Today’s post provides ways sales operations can deliver value quickly to a new sales VP.  A complete guide will be available for download at the end.
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Here’s part of the dialog from a recent call with a sales operations leader:

“Dave” calls to tell me his boss, the EVP of Sales has just been fired.  I ask him what he was planning given the news.  The silence on the phone stretches on.  After a few more seconds, Dave finally lets out a sigh.  “I haven’t really thought about it.  I’m still shell-shocked.  I thought he turned the corner with the CEO.  I guess I was wrong…”


“Well, do you want to stay with the company?” I ask.  “Right now, yeah, I want to stay.” replies Dave.  “OK, then, you need a plan when they bring the new guy in.  What’s the plan?”  The question was greeted with the barely audible hum of static on the line.


Sales VP churn isn’t getting any better.  Impatient CEO’s, Boards and Market Analysts are seeing to that. The fear of the unknown is worse than the known.  Who will they hire?  What are their plans when they come in?  How do they view sales operations?  Before the new leader starts is when you need to begin to take action.


Provide a Roadmap To Making The Number

In general terms, the first 90 days are most critical.  For both you and the new VP.  Opinions are formed.  Working style is assessed.  Value is measured.  You need to be prepared for these first 90 days with a new VP.  Before they walk into their new office, develop the following:


  • Scorecard – Distilled, objective data to begin a team assessment.  Your data must be rock-solid.  It must be reflective of performance / desired outcomes.  This is a starting point.  Competency and skills assessments must be used to augment performance data.
  • Quick Wins – Identify 2-3 “quick wins” that will have near-term impact for your new leader.  These quick wins must also fit into the bigger strategic picture.  Be prepared to discuss why these will work and why they are important.
  • Strategic Initiatives – Identify 2-3 bigger initiatives that you’re confident will support longer-term success.  Frame out these initiatives.  What they cost and what they will return.  What is the priority and timing.  Who will own them and who’s needed to execute them.
  • Sales Disablers – Identify 2-3 conditions that exist that have a direct negative effect on sales.  An example could be low selling time.  Redundant reporting platforms.  Misaligned or duplicated resources.  Ensure you’re looking at things you and/or your new boss can affect.  Have a solution set and the business case for each viable solution.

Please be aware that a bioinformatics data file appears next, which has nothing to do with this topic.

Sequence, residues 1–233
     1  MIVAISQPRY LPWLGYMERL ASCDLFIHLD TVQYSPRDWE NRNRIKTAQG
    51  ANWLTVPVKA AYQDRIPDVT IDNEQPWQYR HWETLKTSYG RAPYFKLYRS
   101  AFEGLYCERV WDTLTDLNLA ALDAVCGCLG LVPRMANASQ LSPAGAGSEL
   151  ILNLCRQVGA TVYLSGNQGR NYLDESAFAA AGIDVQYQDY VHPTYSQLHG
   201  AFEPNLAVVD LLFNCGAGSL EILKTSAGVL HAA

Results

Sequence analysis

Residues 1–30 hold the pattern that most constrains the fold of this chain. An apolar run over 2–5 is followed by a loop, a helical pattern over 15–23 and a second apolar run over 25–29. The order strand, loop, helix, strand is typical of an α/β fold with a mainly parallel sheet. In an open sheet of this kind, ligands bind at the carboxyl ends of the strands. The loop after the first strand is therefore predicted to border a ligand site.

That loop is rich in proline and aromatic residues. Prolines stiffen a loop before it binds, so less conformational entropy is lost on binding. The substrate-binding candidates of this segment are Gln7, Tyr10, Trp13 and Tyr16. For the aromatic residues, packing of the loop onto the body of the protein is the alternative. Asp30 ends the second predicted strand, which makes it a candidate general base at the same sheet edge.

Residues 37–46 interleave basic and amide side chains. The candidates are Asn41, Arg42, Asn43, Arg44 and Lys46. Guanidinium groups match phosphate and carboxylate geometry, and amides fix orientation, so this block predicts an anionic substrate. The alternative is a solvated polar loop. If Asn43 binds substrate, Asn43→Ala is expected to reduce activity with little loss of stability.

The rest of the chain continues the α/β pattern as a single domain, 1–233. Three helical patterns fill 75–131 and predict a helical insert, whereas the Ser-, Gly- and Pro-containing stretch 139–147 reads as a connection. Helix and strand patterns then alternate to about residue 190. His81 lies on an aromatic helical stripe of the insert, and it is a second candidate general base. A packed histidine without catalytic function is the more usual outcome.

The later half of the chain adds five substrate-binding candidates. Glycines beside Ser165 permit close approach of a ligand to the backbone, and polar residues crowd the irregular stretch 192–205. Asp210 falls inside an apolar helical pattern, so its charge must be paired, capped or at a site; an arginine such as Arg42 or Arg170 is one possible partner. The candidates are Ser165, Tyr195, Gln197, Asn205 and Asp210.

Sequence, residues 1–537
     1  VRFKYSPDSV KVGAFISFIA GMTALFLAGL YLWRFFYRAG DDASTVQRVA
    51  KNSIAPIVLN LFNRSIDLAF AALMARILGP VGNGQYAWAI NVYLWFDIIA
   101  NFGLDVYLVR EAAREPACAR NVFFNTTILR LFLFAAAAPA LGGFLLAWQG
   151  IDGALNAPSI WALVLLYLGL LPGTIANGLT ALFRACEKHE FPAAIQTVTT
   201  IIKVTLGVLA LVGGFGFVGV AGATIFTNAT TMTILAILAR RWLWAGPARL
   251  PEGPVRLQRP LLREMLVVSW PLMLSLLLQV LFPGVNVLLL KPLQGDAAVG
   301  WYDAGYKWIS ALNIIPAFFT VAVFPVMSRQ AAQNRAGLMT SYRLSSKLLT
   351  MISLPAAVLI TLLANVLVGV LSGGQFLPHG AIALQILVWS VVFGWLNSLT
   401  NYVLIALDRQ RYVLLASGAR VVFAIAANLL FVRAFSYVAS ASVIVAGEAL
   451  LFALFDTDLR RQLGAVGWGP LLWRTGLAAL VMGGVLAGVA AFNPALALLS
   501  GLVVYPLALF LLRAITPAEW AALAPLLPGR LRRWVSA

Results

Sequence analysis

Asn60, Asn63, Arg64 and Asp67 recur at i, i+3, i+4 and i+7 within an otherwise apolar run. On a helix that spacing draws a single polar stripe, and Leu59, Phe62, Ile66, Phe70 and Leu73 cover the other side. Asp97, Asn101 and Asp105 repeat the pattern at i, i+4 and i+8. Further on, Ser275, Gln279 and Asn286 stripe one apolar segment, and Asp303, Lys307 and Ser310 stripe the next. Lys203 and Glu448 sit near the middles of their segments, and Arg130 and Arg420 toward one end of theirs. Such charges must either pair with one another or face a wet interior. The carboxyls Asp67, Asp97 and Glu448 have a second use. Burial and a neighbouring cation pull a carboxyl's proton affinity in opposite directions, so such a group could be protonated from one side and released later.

Download the complete guide here.  Think of this as your 90-day action plan and SWOT for the new VP.   Delivered with unimpeachable data and experience that’s objective.  Delivered within the first week they are on the job. Make it easy to digest. 


The more quickly you can help them make progress, the better off you both are.  This will provide them with a strategy toward making progress early in their tenure.


Deliver An Executive Summary

In addition to the above, there are other items you should package together.  Providing the below list to your new boss will further illustrate your value.  This list will give your new boss the “lay of the land” for Sales and Sales Ops.  Keep these all as brief as possible.  Your new boss will be drinking from a fire hose.


  • Bullet summary of your key accountabilities and KPI’s
  • Sales Process / CRM Overview – Provide a view of the pipeline, the sales process, forecasting and the CRM tool being used.
  • Compensation – Overview of compensation models and exception handling.  Include attainment distribution, payout averages, ranges by role, industry benchmarks and cost verses budget.
  • Quota Setting Process
  • Territory Design / Structure Process
  • On-Boarding – Summary of process for onboarding, training modules, technology set-up, etc.
  • Job Descriptions and Scorecards by role
  • Social Selling Guidelines
  • Competitive Landscape
  • Sales & Marketing Alignment – Lead Generation, Management, Nurturing and Handoff.  Shared KPI’s, etc.


Even if your Sales VP’s has not been fired, don’t ignore this advice.  Now is the time to put all of this together.  If you have strong opinions of what’s working and what’s not, share them.  Recognize that a new sales leader will likely make big changes.  Help them focus on the changes that will drive tangible results.


Before your new sales VP arrives, connect via LinkedIn.  See what you can learn about him.  Prepare your team.  After your VP arrives make them successful.  Become their strategic “Chief of Staff”.  Help them catch-up quickly and hit the ground running.